VICARI: A Brief History Of Death, Destruction, And The Madness Of War

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Adam Vicari Contributor
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July 1, 1916, probably began as an ordinary day in rural Northern France.  Not far from the Picardy region, as this area was known, was a large River called the Somme. The morning probably began peacefully, with the beautiful natural scenery characteristic of rural France still intact and the townsfolk going about their daily lives. This peace, however, would not last, for by the end of the day 20,000 British soldiers alone would be dead, with 60,000 casualties total. The once scenic views of the countryside would soon be pock-marked with craters from a weeklong artillery barrage, turning it into little more than mud pits filled with the dead and rotting bodies of the thousands of dead and dying men, many of whom were barely out of high school when they were unceremoniously cut down by machine guns.  

An entire small town’s worth of men would be decimated in a single day. By the end of the campaign, on Nov. 13th, 650,000 Germans, 420,000 British, and 195,000 French would be dead. By the end of World War I, 8.5 million soldiers and 13 million civilians would be dead — a monumental  effort that gained the Entente powers a mere five miles.  All of this death and destruction being the product of a single member of Austrian royalty being assassinated by a Serbian street gang two years prior. The flower of an entire generation of Americans and Europeans obliterated because the elites of their respective countries said it was time for a shift and realigning of the world order and the balance of power. The same elite whose terms to end the First World War would ultimately set the stage for the second, which would result in death and destruction unprecedented in human history up to that point.  

Indeed, between approximately 35 and 60 million people died during act two of the global conflict, 298,000 of which were American.  At the conclusion of the First World War, it became evident that the Entente governments wanted regime change and a shifting world order, which is why Woodrow Wilson in essence called for dissolving the Central Powers’ empires and elevating small countries who had allied themselves with the Entente powers during the war with his “14 Points” plan.  This was paired with a dramatic destruction of Germany’s status in the world order with the Treaty of Versailles, which ultimately led to the world sinking into depths of depravity and atrocity unparalleled in human history.  

One would think that the lessons of the 20th century would be enough to shock the modern observer into avoiding a similar situation at all costs, but perhaps for some not even the 10s of millions of dead in the last century are enough to give them pause in the present one.  Apparently the Somme, the Bataan Death March, Stalingrad (1.1 million dead Russian troops plus 40,000 civilians, many of whom had to resort to cannibalism for lack of food), Auschwitz (1.1 million more Jews, Poles, Gypsies and POWs) are not enough to sufficiently shock the senses of the war hawks in Washington, which brings us to the current crisis of our times: World War III.  

This may be inevitable, it may be beyond the control of any politician or general supporter of Ukraine. Indeed, Vladimir Putin and/or Xi Jinping may decide they want to initiate the most catastrophic disaster in human history of their own accord.  But what are the Biden administration and the hawkish Washington elite of both parties doing to prevent it from coming to fruition?  Anything?  And what are the people who declare, “I stand with Ukraine” and indicate their support for the continuation of aid to this country, both monetarily and militarily, doing to prevent it?  It seems that the answer to this question is nothing.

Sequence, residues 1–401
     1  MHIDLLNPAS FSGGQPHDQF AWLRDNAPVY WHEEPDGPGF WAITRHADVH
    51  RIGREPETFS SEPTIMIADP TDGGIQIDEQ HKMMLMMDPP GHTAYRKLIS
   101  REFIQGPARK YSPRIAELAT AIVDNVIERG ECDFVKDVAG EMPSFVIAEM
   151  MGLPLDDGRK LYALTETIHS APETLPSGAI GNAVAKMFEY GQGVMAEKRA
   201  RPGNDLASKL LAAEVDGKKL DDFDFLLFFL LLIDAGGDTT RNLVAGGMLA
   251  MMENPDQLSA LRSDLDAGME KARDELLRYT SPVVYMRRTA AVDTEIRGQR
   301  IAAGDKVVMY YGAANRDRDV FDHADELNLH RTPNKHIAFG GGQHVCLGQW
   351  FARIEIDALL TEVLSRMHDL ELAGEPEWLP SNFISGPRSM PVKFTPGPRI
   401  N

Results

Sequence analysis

So, the aid continues, American weapons pour in, the president gets bolder in his public statements in support of Ukraine and against Russia, going even so far as to call for regime change and the ouster of Vladimir Putin from office.  Biden also seems to have a vision to shift the world order, just like Wilson did with his 14 Points, except Biden is bent on now diminishing the standing of Russia within the world order instead of increasing it, as are his war hawk allies in Washington — war hawks whom a large share of voters continue to elect to office. These voters do not seem to realize that their representatives’ unwavering support for Ukraine could ultimately mean that they will have to send their sons over to fight on Ukraine’s behalf.

These people’s blasé attitude about the potential consequences of World War III is the same attitude that many Europeans had prior to World War I.  Many Europeans anticipated that World War I would be a quick, one or two-year war like those they were used to fighting, but it wasn’t. It was the beginning of the mechanical warfare age, and World War II was the beginning of the Nuclear Age.  What would World War III look like?  Would there even be a world to speak of after it is over?  And the most important question: is supporting Ukraine worth risking a war that would make the first two world wars look like a walk in the park?  

How, given Russia has more nuclear war heads than any other country in the world and an unrelenting determination to win a war with Ukraine, might a third world war end?  Perhaps everyone in Washington should consider these questions before incomprehensible death and destruction results from a world afflicted by the madness of war, not after.

Adam Vicari is a freelance writer from New Brunswick, New Jersey. He has a degree in history from Rutgers.

The views and opinions expressed in this commentary are those of the author and do not reflect the official position of the Daily Caller.